Tempering Quenching Annealing

I would like to talk a bit about tempering steel. This post is going to be very broad and as simple as I can make it without going into great detail. There are almost as many kinds of steel and iron flavors as fans at a baseball game. I generally re-purpose steel that I find. If you know you specific flavor of steel you can research the proper tempering method for it.
This subject has books written on it. This is just a crash course for simple tool making.
The three topics I want to discuss are, annealing, quenching and tempering.

Annealing is a heat treatment that alters a material to increase its ductility and to make it more workable. It involves heating material to above its critical temperature, maintaining a suitable temperature, and then cooling. Annealing can induce ductility, soften material, relieve internal stresses, refine the structure by making it homogeneous, and improve cold working properties.

Quenching is the rapid cooling of a workpiece to obtain certain material properties. It prevents low-temperature processes, such as phase transformations, from occurring by only providing a narrow window of time in which the reaction is both thermodynamically favorable and kinetically accessible. For instance, it can reduce crystallinity and thereby increase toughness of both alloys and plastics (produced through polymerization).

Quenching Rate: (FASTEST) Salt water > water > oil > air. (SLOWEST)

Tempering is a process of heat treating, which is used to increase the toughness of iron-based alloys. It is also a technique used to increase the toughness of glass. For metals, tempering is usually performed after hardening, to reduce some of the excess hardness, and is done by heating the metal to a much lower temperature than was used for hardening. The exact temperature determines the amount of hardness removed, and depends on both the specific composition of the alloy and on the desired properties in the finished product. For instance, very hard tools are often tempered at low temperatures, while springs are tempered to much higher temperatures.

Now some reference pictures.
tempercolors2TemperColors3TemperColorsFeC_diagram
With all that I get in a bit more depth in my video. This just skims the subject.

Resources
http://www.threeplanes.net/toolsteel.html

http://www.gowelding.com/met/carbon.htm

http://ajh-knives.com/metals.html
Please friends ask questions, that is how I learn.

Please be careful. Some of the things I do are dangerous. It is not my fault if you get hurt. Use your brain, be safe.

10 Responses to Tempering Quenching Annealing

  1. Very good info Dave.

  2. roger says:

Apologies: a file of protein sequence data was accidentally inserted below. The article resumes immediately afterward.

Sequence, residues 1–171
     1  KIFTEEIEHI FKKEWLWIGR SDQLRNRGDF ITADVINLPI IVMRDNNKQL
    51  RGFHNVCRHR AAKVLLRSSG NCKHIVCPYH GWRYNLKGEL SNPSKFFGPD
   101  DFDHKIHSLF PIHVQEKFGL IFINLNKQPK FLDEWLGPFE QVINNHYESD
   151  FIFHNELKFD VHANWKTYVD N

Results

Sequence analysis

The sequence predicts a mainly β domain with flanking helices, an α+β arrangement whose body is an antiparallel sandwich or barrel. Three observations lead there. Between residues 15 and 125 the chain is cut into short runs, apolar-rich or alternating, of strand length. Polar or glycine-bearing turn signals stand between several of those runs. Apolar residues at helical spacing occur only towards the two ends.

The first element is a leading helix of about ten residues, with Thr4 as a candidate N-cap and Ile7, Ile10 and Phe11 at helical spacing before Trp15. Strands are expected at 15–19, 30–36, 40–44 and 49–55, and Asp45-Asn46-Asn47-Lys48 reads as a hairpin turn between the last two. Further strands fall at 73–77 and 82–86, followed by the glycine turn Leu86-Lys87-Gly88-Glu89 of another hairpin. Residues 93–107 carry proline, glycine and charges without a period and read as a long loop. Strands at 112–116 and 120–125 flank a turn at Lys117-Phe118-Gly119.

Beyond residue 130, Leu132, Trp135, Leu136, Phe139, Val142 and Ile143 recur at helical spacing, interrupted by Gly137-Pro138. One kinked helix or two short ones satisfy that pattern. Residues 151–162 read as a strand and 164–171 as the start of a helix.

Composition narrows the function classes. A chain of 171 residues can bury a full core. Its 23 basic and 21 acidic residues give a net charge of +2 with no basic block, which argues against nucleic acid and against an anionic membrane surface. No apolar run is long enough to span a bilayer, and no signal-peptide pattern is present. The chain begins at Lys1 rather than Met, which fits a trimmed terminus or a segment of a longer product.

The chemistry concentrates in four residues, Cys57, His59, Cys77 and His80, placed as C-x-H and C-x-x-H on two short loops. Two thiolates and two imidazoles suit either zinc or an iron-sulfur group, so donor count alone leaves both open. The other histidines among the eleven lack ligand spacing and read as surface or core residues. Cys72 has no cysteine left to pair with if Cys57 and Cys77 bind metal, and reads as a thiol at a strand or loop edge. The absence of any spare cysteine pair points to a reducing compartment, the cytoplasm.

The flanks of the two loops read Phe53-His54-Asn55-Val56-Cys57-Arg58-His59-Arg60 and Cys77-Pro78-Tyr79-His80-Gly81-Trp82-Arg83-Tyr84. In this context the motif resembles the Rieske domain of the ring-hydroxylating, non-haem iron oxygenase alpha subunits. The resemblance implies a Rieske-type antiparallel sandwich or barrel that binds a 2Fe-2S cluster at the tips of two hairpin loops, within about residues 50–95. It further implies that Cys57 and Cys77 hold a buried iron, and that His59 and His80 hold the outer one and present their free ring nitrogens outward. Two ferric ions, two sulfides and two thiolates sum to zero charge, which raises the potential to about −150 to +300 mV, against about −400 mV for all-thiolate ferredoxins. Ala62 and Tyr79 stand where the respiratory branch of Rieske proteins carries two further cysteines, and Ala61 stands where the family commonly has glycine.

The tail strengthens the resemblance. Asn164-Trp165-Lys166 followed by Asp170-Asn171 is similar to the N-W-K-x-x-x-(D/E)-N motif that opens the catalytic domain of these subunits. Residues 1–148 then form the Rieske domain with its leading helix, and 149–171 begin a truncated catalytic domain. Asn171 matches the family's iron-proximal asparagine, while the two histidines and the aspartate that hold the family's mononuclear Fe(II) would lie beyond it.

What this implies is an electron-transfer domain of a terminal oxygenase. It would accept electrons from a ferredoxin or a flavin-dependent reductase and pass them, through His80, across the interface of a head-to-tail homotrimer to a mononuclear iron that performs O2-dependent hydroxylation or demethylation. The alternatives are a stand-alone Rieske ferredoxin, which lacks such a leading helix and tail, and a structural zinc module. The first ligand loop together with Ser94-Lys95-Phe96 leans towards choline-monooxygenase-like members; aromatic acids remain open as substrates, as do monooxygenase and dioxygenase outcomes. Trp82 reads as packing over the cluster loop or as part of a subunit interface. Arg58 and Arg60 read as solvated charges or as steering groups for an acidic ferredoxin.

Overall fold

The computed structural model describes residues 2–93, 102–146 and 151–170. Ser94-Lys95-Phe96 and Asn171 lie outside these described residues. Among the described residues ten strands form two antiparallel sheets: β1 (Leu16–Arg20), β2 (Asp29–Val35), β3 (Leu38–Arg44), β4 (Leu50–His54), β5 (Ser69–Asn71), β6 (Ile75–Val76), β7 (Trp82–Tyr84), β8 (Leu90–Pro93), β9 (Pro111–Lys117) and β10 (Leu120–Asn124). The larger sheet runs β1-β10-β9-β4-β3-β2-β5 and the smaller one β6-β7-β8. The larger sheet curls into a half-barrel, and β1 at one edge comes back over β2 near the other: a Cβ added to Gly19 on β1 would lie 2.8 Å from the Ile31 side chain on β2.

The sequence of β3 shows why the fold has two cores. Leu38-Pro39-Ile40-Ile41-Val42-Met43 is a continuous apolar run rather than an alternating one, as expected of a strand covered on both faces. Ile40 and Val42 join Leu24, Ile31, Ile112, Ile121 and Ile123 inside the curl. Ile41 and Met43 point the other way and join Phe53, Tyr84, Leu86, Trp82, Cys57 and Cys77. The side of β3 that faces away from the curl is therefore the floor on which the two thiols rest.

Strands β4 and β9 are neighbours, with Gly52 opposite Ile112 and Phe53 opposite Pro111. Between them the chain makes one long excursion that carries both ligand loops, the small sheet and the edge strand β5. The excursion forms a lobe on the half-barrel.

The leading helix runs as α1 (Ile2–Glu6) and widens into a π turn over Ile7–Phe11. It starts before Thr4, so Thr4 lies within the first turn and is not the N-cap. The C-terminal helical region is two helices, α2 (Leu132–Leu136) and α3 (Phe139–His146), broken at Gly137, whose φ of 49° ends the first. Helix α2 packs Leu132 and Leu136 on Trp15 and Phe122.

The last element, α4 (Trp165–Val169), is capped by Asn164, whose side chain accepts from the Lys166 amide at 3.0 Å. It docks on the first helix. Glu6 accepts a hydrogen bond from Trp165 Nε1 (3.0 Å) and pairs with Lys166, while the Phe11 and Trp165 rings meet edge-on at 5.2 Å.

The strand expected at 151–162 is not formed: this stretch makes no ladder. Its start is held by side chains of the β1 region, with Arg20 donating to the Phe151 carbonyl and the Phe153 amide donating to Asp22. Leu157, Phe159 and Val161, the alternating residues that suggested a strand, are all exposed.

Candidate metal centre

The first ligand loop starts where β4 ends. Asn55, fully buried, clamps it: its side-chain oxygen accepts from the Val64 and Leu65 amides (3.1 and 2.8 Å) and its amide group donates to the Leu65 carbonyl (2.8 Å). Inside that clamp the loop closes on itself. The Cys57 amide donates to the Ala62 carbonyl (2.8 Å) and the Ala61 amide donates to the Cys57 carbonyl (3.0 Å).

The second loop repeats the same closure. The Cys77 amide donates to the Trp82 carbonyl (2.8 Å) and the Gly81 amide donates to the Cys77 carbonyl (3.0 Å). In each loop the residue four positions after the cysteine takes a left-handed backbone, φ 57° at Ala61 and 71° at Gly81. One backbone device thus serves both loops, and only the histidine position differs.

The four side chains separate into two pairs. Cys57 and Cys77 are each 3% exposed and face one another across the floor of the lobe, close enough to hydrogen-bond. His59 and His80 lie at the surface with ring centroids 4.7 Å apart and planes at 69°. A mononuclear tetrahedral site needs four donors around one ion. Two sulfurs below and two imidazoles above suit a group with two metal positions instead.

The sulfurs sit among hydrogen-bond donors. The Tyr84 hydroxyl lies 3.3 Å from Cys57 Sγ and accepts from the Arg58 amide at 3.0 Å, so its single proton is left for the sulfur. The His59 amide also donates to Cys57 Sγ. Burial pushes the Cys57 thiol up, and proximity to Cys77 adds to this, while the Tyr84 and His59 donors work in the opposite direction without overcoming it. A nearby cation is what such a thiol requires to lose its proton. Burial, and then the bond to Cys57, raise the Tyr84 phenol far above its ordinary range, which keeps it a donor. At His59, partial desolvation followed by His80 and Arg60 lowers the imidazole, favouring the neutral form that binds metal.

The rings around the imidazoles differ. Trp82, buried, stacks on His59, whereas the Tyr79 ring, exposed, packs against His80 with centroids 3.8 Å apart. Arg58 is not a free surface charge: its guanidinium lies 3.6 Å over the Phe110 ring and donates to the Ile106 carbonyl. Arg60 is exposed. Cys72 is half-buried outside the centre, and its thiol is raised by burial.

thnx Dave. Lotsa gr8 info there.

  3. DIYaholic says:

    That was interesting. So, you don’t need a forge to temper metal, it can be done with tourch or oven. That is good to know.

    If I have this rigt, the forge is for annealing so you can manipulate/shape the metal, then quench it. File/sand to final shape, then temper with tourch/oven. Sounds so simple…
    Much more difficult in practice, I’m sure of!!!

    Thanks for taking the time to explain this. I hope someday to put it to use. However, I must first put my woodshop to use!!!

    • David Bardin says:

      Randy how ever you make the steel hot doesn’t matter. What I was trying to show is how you can temper the steel. So if you need a simple tool. Make it then temper it and your off and running. It can get complicated if you don’t know what type of metal you are dealing with. But with a bit of knowledge you can give it a good try.
      Its always good to have a trick or two in the bag. This information might get you out of a spot someday.
      You are more than welcome Randy. You asked me one time about it and I told you I would try to post something on it.
      You the man Pres.

  4. JL7 says:

    Good one Dave….I’m going to save my old files…..just in case……

    Seriously…you’ve leaned a lot about this craft……Keep on……..

    And btw….the notification system is broken, no email on this one…..

    • David Bardin says:

      Thanks Jeff. I am trying to get a handle on it. I want to make real tools one day.
      Thanks on the email. Now I have to remember where that is and how it is supposed to work.

      • JL7 says:

        Got a reply now…..:)

        • David Bardin says:

          Jeff I have spent the last hour looking for the part that notifies people when I post. I cant find it. I think an update removed the email notification. So I re-posted it again with no change to the site and it did not send. I then went and found a plugin to give me back the ability.Let me know if you start getting 2 emails on the post. Thanks for the heads up Mr mad scientist.

Forge a whitty reply.

%d bloggers like this: